Notifications

Legislating against stupidity? Move-over law needed, says MHA

A proposed law designed to protect emergency crews is making its way through Newfoundand and Labrador's house of assembly.

Bill would require drivers to cut speeds, move away from ambulances

Firefighters and other emergency responders are often at risk when vehicles refuse to cut their speeds or move over. (Mike Rossiter/CBC)

A proposed law designed to protect emergency crews is making its way through the Newfoundland and Labrador house of assembly.

The bill will require drivers, by law, to do things that common sense dictates they should do in the first place: cut their speed and move over when passing an ambulance or any other emergency vehicle that is stopped on a roadway. 

Those working in the industry say the law has been a long time coming.

St. John's Regional Fire Department Supt. Derek Chafe cited a recent close call as proof that carbon monoxide detectors can save lives. (CBC)

Supt. Derek Chafe of the St. John's Regional Fire Department said fire crews have experienced many close calls with drivers who ignore emergency scenes.

"They'll drive over sidewalks ... they'll drive through our scene over fire hoses," said Chafe. 

"Our staff are consistently looking over their shoulders."

Chafe hopes police will soon be able to charge and fine drivers.

We've got a lot of stupid drivers out there- NDP transportation critic George Murphy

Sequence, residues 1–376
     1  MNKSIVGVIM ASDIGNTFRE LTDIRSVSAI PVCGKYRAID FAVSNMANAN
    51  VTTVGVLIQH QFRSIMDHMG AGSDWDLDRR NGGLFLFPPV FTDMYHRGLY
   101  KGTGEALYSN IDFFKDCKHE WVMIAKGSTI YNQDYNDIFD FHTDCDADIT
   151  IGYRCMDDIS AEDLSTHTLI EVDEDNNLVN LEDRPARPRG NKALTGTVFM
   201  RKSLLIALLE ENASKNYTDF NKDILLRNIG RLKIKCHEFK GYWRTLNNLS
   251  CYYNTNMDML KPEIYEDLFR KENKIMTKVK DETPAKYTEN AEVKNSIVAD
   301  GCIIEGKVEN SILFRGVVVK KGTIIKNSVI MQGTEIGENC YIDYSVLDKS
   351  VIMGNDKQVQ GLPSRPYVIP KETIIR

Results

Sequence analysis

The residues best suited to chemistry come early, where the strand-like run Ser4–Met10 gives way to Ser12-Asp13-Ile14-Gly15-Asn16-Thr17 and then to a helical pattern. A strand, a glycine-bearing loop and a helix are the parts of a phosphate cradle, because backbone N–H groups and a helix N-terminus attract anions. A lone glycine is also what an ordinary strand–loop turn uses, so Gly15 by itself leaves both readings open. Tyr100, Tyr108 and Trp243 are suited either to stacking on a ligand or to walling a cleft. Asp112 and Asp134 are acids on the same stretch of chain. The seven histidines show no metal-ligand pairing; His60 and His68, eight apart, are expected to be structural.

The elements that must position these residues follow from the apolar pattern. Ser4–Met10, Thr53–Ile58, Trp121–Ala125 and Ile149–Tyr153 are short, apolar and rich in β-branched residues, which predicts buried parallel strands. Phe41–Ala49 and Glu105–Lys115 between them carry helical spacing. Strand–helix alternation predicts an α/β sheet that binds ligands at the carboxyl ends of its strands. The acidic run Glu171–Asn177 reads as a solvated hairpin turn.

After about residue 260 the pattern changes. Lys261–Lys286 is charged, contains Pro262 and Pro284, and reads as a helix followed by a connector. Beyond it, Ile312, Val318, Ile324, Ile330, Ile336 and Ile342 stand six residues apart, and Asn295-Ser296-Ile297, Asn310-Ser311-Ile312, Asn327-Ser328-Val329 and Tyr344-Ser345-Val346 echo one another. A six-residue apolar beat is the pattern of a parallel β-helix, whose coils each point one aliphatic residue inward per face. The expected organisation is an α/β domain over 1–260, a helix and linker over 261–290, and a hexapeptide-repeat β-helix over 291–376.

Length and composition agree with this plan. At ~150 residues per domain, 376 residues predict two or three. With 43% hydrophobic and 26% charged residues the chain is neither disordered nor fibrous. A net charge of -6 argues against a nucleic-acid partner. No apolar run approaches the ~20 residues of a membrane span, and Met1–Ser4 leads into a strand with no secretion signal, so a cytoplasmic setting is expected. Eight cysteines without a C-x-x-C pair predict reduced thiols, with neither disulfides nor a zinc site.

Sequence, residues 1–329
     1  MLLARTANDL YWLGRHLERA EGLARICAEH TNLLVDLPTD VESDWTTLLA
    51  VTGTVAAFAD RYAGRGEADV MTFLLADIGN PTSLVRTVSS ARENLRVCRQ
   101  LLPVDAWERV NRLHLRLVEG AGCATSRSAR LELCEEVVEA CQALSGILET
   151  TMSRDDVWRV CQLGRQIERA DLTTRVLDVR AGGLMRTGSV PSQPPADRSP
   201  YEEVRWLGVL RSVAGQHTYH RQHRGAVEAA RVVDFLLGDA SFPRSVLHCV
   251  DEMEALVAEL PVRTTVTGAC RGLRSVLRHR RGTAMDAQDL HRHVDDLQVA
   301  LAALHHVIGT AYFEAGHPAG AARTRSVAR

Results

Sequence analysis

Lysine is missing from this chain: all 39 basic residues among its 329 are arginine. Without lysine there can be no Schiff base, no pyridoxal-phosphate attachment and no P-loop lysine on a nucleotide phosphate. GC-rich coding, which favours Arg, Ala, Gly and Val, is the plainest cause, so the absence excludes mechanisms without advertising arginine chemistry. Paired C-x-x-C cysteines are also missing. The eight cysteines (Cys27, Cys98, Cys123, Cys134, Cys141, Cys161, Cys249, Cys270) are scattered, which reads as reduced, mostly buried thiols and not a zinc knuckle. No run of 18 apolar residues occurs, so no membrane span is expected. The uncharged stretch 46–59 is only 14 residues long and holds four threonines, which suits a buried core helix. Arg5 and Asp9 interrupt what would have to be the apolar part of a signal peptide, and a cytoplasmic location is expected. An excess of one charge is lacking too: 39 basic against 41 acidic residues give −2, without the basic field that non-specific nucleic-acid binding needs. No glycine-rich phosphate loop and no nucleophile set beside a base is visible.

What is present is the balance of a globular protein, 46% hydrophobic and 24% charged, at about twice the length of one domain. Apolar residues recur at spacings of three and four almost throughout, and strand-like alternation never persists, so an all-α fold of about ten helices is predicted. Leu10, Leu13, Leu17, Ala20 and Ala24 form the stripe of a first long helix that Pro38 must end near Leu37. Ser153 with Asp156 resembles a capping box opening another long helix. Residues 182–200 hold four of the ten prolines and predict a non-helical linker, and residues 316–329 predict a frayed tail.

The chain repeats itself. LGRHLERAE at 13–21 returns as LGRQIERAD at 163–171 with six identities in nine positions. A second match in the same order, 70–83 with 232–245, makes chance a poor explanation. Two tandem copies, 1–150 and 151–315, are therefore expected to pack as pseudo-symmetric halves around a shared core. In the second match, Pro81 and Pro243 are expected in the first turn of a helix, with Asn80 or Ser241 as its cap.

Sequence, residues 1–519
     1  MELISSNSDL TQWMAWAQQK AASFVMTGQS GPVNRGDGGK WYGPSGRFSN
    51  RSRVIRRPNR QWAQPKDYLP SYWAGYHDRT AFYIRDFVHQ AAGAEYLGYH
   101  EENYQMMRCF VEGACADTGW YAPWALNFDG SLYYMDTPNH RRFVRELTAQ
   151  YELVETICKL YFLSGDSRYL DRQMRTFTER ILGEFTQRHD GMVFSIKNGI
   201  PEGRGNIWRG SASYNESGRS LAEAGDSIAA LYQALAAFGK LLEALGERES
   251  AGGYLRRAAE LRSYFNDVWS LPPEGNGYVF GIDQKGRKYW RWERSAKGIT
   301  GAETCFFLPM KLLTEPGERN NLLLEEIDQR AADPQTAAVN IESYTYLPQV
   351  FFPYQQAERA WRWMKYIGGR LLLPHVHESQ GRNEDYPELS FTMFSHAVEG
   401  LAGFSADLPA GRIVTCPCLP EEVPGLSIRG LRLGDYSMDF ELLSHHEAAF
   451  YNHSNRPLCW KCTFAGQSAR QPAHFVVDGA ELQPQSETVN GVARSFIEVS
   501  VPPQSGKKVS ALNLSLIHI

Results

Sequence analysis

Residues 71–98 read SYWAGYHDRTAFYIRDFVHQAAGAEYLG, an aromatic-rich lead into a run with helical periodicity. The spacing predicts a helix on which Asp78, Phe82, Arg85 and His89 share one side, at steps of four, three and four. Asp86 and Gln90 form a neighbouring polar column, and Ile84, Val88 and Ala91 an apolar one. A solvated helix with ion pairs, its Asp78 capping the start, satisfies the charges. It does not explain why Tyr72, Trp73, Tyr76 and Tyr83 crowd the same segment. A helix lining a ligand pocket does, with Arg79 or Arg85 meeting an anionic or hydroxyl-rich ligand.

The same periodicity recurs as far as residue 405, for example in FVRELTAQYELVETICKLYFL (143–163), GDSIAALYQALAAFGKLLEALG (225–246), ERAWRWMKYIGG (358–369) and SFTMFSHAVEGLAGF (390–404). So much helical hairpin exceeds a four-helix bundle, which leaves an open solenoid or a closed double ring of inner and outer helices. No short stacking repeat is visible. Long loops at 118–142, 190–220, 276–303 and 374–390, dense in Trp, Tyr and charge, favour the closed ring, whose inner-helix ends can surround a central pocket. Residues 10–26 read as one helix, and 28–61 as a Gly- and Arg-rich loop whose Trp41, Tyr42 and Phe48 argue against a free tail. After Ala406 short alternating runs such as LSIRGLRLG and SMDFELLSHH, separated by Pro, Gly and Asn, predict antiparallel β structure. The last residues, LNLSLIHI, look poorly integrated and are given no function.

"We just hope that if the police do have to lay charges — that the charges can stick and there can be an example made."

The fine will be from $300 to $900 — plus four demerit points. 

NDP MHA and Transportation Critic George Murphy. (CBC)

NDP transportation critic George Murphy has been pushing for the new law for two years.

"We've got a lot of stupid people out there ... we've got a lot of careless drivers out there," said Murphy.

"We're talking firefighters, police, ambulance, paramedics, of course, wildlife officials, if they're out there, highway enforcement." 

Bill 6 is now making its way through the house of assembly and sources say it could pass by the time the Christmas recess arrives. 

Comments

To encourage thoughtful and respectful conversations, first and last names will appear with each submission to CBC/Radio-Canada's online communities (except in children and youth-oriented communities). Pseudonyms will no longer be permitted.

By submitting a comment, you accept that CBC has the right to reproduce and publish that comment in whole or in part, in any manner CBC chooses. Please note that CBC does not endorse the opinions expressed in comments. Comments on this story are moderated according to our Submission Guidelines. Comments are welcome while open. We reserve the right to close comments at any time.